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Whale release a community endeavour in N.L.

Wayne Ledwell cuts a whale free in 2016.
Wayne Ledwell cuts a whale free in 2016.

By Sadie-Rae Werner Special to The Telegram Whale watching remains one of the most popular tourist activities in Newfoundland and Labrador, celebrating not only some of the largest and most majestic creatures on Earth, but also the Atlantic Ocean, which has shaped a large part of the culture of the province. 

Releasing an entangled whale in Witless Bay on July 22.

Reports of marine animals, other than fish, getting caught in fishing nets are common. Between 1979 and 2008, 1,209 large whale entanglements were recorded in Newfoundland and Labrador waters, with 120 in 1991 alone. This is where Wayne Ledwell comes in.

Releasing a whale in 2016.

Related story: 

Joe Howlett releasing an entangled whale in the Bay of Fundy in 2016

Ledwell is the director of the Whale Release and Strandings Group, which works with the Canadian Coast Guard to free large marine mammals caught in fishing nets, trapped in ice and in other precarious positions.

The Whale Release and Strandings Group produces reports for fishermen across the province about whales and other large marine mammals entangled in fishing ropes and nets.

Ledwell and his wife, Julie Huntington, have spent years driving across the province to assist fishermen in disentangling whales. They use a small, soft-bottom inflatable boat so as not to distress or harm the whale if it comes into contact with the vessel. Using a mask and snorkel, the rescuers look into the water to get an understanding of how the whale is tangled. They will then free it using a variety of tools, being careful to never end up in the water themselves.

Local fishermen assist the whale group by standing by in other boats in case something goes wrong, operating the motor of the rescue boat or even helping to cut the whale free.

Interacting with 50-tonnes or more of unpredictable wild animal can be dangerous, and releasers ensure safety measures are in place. These measures include having a second boat on standby and a pullback setup so the release boat can quickly be pulled out of the way if the whale starts to act up.

Accidents among releasers are relatively uncommon. One key factor in prevention is that they stay out of the water.

“People who live on the water — it’s a big risk anyways,” Ledwell says of the fishermen who help in the release effort.

Whale releases can take anywhere from one hour to an entire day, depending on the weather, the gear the animal is caught in, the temperament of the animal and whether it is anchored in one place or dragging the gear and needs to be chased.

“The animal controls the interaction,” Ledwell says of whales that are towing gear and need to be chased.

Ledwell has been involved in whale-release efforts since 1987, but he says it’s the people, more than the animals, that tie him to his work.

“It’s not always about the whale, it’s about the people and the community,” Ledwell says, “Working with the whale is the hard part … but working with the people and the community is the part I really enjoy.”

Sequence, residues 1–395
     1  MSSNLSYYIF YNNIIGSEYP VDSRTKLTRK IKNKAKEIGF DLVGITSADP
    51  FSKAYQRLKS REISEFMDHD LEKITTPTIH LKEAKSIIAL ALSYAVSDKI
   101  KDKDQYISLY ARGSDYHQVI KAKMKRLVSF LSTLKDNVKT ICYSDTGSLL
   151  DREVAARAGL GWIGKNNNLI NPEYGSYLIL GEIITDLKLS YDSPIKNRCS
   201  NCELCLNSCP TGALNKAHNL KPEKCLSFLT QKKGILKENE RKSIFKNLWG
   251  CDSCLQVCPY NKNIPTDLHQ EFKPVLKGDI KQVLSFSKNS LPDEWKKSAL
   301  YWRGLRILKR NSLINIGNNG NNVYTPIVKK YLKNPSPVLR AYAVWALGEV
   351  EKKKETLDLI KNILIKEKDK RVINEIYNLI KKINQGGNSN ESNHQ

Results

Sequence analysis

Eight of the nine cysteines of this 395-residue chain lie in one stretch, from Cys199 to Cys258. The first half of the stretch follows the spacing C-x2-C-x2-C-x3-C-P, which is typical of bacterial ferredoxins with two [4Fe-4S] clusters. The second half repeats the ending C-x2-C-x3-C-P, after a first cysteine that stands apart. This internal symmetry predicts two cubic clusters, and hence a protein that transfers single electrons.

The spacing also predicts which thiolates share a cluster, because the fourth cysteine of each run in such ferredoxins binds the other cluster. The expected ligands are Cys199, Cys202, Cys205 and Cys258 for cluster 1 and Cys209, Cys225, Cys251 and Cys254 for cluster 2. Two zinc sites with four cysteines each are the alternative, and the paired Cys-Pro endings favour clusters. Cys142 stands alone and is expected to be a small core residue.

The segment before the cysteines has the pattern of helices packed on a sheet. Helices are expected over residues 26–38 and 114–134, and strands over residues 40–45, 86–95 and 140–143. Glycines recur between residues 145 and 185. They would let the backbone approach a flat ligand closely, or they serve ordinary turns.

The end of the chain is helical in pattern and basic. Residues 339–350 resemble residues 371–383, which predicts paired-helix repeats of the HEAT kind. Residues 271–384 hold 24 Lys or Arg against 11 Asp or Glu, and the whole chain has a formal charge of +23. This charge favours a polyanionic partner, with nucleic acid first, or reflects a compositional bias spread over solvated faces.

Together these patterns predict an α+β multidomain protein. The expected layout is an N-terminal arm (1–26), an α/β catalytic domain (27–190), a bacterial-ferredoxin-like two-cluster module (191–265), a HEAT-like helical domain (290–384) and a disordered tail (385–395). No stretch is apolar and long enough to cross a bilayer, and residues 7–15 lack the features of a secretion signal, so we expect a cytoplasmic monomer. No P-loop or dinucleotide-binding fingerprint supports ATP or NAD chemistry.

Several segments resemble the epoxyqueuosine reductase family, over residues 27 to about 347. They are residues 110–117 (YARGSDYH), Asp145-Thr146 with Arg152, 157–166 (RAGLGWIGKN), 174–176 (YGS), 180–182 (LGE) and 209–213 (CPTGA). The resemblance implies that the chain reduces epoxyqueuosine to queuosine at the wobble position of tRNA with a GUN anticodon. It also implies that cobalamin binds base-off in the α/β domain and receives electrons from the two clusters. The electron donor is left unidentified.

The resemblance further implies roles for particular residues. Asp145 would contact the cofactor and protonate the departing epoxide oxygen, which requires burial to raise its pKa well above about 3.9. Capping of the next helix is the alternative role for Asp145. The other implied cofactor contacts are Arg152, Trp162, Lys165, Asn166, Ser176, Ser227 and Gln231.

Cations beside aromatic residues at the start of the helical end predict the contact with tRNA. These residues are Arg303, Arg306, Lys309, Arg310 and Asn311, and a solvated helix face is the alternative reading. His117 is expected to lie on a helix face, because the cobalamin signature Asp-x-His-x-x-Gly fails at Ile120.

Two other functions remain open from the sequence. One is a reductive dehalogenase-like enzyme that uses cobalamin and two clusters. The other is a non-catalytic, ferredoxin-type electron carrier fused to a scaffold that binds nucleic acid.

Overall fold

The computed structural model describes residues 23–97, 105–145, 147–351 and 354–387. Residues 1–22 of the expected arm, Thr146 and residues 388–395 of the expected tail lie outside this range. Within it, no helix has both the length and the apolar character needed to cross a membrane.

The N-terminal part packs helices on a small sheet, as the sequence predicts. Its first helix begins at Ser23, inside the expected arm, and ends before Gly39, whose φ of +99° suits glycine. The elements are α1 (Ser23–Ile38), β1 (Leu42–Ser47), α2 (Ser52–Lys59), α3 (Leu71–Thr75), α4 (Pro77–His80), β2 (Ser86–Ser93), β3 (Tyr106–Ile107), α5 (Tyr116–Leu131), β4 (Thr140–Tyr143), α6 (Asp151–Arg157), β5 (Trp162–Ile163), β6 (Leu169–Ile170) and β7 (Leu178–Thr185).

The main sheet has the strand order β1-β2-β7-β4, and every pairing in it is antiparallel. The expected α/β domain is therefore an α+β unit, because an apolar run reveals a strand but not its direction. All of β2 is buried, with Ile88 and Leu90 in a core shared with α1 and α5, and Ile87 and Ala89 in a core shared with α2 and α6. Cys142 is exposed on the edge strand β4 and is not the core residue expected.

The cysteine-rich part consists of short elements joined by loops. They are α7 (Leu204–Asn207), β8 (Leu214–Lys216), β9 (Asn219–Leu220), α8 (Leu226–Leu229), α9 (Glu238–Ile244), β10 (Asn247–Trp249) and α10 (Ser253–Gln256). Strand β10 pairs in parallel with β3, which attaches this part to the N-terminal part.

Ledwell says he has been to “every nook and cranny on the island” and loves meeting people in the communities he travels to and being welcomed into their homes to learn about them and their area.

“It’s almost like you’re fishing, but you’re out there trying to free a whale,” he says of the shared experience of the rescue effort.

The number of entangled whales that need to be released has decreased significantly with the decline of commercial fishing. With fewer boats in the water, whales are at less risk of coming into contact with fishing gear. Additionally, many of the nets now being used are light and easier to cut free than the ropes used in the past. However, whales often still become entangled in crab gear.

The Whale Release and Strandings Group has been involved with two entangled whales so far this season, but with commercial cod fishing now open, Ledwell expects to see an increase in the number of entangled whales reported.
The July 10 death of Joe Howlett, a whale rescuer out of Campobello, N.B., who was attacked after freeing an entangled right whale, has shocked the whale-rescue community.

“Things will change because of that. … Rescuers haven’t got their heads around it, and it is hard to tell if anything will change in terms of government-sponsored programs,” Ledwell says. 

Right whales are not common in the Maritimes, despite the corpse of a long-dead right whale washing up on the shores of Trout River this spring. The last reported case of a right whale entangled in the area that Ledwell knows of was in 1984. While the region has the most whales of perhaps any in the world, the majority are humpback or minke whales.

Dead whales, like the one found in Trout River, are used for lab research to get a better understanding of the species.

Whale rescues have resumed in the United States, where they had been put on hold entirely following the accident in New Brunswick, but all right whale disentangling remains on hold in the United States and Canada.

The International Whaling Commission, which works to mitigate the threats faced by whales and give information to areas with fewer whales on what to do if one gets caught in fishing gear, will meet in the near future to review its guidelines for best practices.



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